NY Post

Uh-Oh: Where Have All the 18-34 Year Olds Gone? Reportedly, They Are Certainly Not Watching TV Like They Used To. Says Top NBC Research Guru: This ‘Change in Behavior is Stunning!’

Feb 17, 2015  •  Post A Comment

“Traditional TV usage — which has been falling among viewers ages 18 to 34 at around 4 percent a year since 2012 — tumbled 10.6 percent between September and January,” writes our friend Claire Atkinson in the New York Post.

The article also says, “‘The change in behavior is stunning. The use of streaming and smartphones just year-on-year is double-digit increases,’ Alan Wurtzel, NBCUniversal’s audience research chief, told The Post. ‘I’ve never seen that kind of change in behavior.’”

Atkinson adds, “This season’s steep slide means there are almost 20 percent fewer young adults watching their TV sets in primetime than four years ago.

“In 2011, 21.7 million young adults tuned in to their TV sets. By the end of last month, that figure had fallen to 17.8 million, according to Nielsen figures.

“Adding insult to injury, the median age of the TV audience hit 50 this year. That’s older than the 18- to 49-year-old audience that network executives have banked on for decades.”

One of the most challenging issues the TV industry faces is how to measure all of the viewing that’s not done on traditional TV sets in the home.

To read more about this important issue we suggest you click on the link, above, which will take you to Atkinson’s original story.


  1. Not to worry. TV is not dead, just comatose. It’s got a good 8 or 9 years left in it.

  2. The biggest implication this has is that TV is no longer the land of the young. It’s getting to be the old folks domain. But the TV networks still want the young and will likely try even harder to recover them, attract them, and steal a share of the numbers from everyone else. There will be a gigantic war for this low-hanging-fruit demographic and obscene piles of money will be squandered in the name of capturing this “influential” group. I believe it will be crazy mad scramble and pretty darn stupid strategy.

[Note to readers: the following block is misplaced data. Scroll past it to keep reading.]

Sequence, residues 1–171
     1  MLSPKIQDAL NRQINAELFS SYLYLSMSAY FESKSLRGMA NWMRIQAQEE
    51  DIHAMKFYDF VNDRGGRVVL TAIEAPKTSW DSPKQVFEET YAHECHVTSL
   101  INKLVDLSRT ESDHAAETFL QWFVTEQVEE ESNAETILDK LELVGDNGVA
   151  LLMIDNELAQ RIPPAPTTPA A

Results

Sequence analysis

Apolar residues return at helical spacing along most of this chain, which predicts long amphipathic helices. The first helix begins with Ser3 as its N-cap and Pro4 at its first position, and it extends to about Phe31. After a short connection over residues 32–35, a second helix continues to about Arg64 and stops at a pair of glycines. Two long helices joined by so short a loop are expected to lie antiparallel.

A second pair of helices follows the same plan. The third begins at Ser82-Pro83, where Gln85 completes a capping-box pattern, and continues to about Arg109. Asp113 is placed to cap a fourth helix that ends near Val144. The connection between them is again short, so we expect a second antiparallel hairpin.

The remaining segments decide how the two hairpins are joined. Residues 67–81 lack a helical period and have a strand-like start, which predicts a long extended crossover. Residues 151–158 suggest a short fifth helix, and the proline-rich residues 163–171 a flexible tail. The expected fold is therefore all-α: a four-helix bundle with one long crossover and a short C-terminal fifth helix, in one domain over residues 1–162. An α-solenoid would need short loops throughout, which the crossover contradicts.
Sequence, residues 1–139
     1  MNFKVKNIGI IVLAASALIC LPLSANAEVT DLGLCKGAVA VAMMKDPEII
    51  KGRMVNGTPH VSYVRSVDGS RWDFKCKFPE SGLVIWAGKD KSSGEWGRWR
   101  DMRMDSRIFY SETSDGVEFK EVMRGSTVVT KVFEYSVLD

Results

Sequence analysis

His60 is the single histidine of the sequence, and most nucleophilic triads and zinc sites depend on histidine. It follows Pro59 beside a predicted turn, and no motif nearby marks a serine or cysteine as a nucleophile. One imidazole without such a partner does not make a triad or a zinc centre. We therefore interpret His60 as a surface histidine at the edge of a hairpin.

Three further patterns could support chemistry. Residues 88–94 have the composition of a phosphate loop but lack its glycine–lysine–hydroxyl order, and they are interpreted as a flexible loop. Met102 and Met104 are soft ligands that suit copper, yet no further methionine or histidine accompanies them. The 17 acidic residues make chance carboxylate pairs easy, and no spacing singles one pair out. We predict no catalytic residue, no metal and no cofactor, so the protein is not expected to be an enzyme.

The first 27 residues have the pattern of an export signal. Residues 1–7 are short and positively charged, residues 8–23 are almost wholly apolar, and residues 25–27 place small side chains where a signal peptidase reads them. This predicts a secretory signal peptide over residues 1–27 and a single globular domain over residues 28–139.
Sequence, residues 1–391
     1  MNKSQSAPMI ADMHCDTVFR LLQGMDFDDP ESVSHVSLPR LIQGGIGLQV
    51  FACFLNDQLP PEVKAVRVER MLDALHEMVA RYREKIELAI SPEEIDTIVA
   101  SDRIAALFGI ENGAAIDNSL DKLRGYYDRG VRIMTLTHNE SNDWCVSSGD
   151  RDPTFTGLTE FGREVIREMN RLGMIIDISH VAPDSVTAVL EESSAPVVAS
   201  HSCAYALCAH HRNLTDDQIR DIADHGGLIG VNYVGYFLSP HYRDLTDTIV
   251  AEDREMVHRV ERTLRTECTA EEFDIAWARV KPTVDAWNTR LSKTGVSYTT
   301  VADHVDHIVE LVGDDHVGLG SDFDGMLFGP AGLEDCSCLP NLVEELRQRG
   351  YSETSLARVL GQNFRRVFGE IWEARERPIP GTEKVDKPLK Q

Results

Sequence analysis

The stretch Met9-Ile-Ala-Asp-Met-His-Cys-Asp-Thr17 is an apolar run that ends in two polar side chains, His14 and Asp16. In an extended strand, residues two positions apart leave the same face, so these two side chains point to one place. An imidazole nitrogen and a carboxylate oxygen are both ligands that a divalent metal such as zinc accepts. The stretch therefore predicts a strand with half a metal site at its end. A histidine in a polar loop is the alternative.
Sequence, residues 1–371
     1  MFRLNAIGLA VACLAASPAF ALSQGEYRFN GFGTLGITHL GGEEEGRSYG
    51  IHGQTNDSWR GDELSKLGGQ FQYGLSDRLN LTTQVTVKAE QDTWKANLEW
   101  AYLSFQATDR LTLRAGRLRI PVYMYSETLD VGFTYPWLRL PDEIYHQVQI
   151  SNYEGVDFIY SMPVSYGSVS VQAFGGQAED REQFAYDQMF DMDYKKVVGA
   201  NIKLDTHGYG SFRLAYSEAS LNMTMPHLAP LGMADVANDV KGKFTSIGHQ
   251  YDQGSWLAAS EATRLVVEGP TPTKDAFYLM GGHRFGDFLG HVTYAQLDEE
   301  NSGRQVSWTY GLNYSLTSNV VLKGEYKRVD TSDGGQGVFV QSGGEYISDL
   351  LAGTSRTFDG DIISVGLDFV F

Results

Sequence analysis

Smart money will be to focus on all the groups that are NOT in decline and make sane moves that keep those viewers from fleeing. Of course that means catering to old people and it will likely be seen as an unsexy business model and few will do it. It also might mean a round of consolidation, and content repurposing… less money to work with you know.
    Young people are rushing to non-traditional platforms just for the sake of it being the new thing. Every generation before them did the same thing in one way or another. At some point they will return in some quantity but it won’t be the same levels as before. Other demos like this stuff too, but not in a deep way like the young do. We have to accept that.
    Until this wild new frontier of new media is quantized, standardized, consolidated, corporatized, stabilized, and finally homogenised we won’t know it’s final form. It’s going to be a nice roller-coaster ride and this is the start of the big drop.

  3. TV isn’t so stupid. The 50+’s have all the money. Just ask my kids who come to Bank of Dad regularly.

    If you want to watch the latest blockbuster on your 5.5” inch iPhone via KickAss for free, go for it. I’d rather catch it on my 65” screen in HD…and yes, I’d prefer to pay.

  4. The problem is, the broadcast networks and studios rigidly insist on programming garbage reality shows and other crap that young people are too smart for, and will not waste their time watching. Unless you are gay (not that there’s anything wrong with that) or a woman 50+, there’s virtually nothing on prime time network tv that appeals to younger demos, especially males. NFL Football is the one glaring exception. Other than that, the closed-to-outsiders studio/broadcast networks system is rapidly digging their own grave into irrelevance.

  5. It’s “Appointment Television” that is dead.

    “Appointment” means you have to WAIT for it.”
    “OMG, waiting is for OLD people!!!”
    “I’d rather see WHAT I want to see WHEN I want to see it. Netflix, Hulu, Amazon Prime, Acorn, …”
    “Preferably on my 60″ LED HDTV that cost me only five monthly former cable bills to pay off IN FULL.”

    I see hurricane strength winds ahead for programming distributors (aka TV stations and cable networks).

    And merely storm strength winds ahead for programming originators (independent producers, the networks, and many TV stations for local content), as they get used to not peddling truly inane but very profitable commercials every few minutes, with the accompanying reduced ability to pay for talent and resources.

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